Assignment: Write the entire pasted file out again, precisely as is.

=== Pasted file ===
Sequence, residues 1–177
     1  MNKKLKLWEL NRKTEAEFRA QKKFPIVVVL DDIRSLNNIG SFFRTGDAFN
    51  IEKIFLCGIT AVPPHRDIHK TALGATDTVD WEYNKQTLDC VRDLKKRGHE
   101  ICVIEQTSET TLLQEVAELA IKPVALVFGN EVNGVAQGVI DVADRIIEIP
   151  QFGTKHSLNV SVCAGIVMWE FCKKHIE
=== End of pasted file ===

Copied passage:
Sequence, residues 1–177
     1  MNKKLKLWEL NRKTEAEFRA QKKFPIVVVL DDIRSLNNIG SFFRTGDAFN
    51  IEKIFLCGIT AVPPHRDIHK TALGATDTVD WEYNKQTLDC VRDLKKRGHE
   101  ICVIEQTSET TLLQEVAELA IKPVALVFGN EVNGVAQGVI DVADRIIEIP
   151  QFGTKHSLNV SVCAGIVMWE FCKKHIE